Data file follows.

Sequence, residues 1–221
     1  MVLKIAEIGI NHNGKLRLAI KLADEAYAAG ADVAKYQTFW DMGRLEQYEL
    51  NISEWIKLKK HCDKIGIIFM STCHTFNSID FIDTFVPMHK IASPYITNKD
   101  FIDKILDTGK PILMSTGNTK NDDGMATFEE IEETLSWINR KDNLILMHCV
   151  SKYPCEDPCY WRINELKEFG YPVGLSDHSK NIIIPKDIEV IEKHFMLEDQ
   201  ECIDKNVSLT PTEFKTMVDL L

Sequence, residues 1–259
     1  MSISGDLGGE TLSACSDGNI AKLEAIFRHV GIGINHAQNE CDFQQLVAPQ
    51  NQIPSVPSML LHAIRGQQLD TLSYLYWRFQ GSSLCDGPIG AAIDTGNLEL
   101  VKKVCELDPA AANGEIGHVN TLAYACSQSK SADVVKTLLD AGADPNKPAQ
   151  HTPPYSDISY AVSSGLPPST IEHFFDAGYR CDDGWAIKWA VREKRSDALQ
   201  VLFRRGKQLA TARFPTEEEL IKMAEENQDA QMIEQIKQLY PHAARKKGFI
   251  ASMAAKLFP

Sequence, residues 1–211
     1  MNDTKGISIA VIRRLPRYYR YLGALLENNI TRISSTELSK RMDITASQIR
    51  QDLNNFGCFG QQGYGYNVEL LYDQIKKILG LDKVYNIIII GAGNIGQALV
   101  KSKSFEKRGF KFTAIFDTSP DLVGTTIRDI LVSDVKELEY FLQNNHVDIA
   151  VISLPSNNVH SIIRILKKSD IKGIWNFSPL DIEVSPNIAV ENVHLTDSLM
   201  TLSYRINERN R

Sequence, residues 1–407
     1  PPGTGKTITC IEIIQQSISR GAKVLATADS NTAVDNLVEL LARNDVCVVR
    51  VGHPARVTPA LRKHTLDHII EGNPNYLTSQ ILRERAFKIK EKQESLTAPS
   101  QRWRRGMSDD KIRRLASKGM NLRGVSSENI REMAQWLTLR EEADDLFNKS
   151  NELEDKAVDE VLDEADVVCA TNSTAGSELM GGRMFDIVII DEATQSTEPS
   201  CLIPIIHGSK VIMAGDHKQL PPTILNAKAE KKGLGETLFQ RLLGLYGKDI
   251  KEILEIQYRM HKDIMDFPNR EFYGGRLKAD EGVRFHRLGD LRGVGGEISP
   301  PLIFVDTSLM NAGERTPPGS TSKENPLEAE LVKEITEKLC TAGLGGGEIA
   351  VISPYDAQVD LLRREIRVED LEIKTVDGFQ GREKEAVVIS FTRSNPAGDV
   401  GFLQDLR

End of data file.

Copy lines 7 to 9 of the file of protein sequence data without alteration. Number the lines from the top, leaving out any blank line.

Sequence, residues 1–259
     1  MSISGDLGGE TLSACSDGNI AKLEAIFRHV GIGINHAQNE CDFQQLVAPQ
    51  NQIPSVPSML LHAIRGQQLD TLSYLYWRFQ GSSLCDGPIG AAIDTGNLEL